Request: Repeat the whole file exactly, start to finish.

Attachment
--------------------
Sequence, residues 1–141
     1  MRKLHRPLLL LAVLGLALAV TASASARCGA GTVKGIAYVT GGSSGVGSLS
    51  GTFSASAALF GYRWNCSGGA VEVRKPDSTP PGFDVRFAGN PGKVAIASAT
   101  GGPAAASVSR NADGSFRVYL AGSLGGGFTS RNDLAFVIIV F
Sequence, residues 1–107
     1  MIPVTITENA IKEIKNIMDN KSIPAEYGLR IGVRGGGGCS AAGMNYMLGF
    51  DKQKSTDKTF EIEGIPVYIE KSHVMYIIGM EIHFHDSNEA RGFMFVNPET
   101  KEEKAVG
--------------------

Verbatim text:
Sequence, residues 1–141
     1  MRKLHRPLLL LAVLGLALAV TASASARCGA GTVKGIAYVT GGSSGVGSLS
    51  GTFSASAALF GYRWNCSGGA VEVRKPDSTP PGFDVRFAGN PGKVAIASAT
   101  GGPAAASVSR NADGSFRVYL AGSLGGGFTS RNDLAFVIIV F
Sequence, residues 1–107
     1  MIPVTITENA IKEIKNIMDN KSIPAEYGLR IGVRGGGGCS AAGMNYMLGF
    51  DKQKSTDKTF EIEGIPVYIE KSHVMYIIGM EIHFHDSNEA RGFMFVNPET
   101  KEEKAVG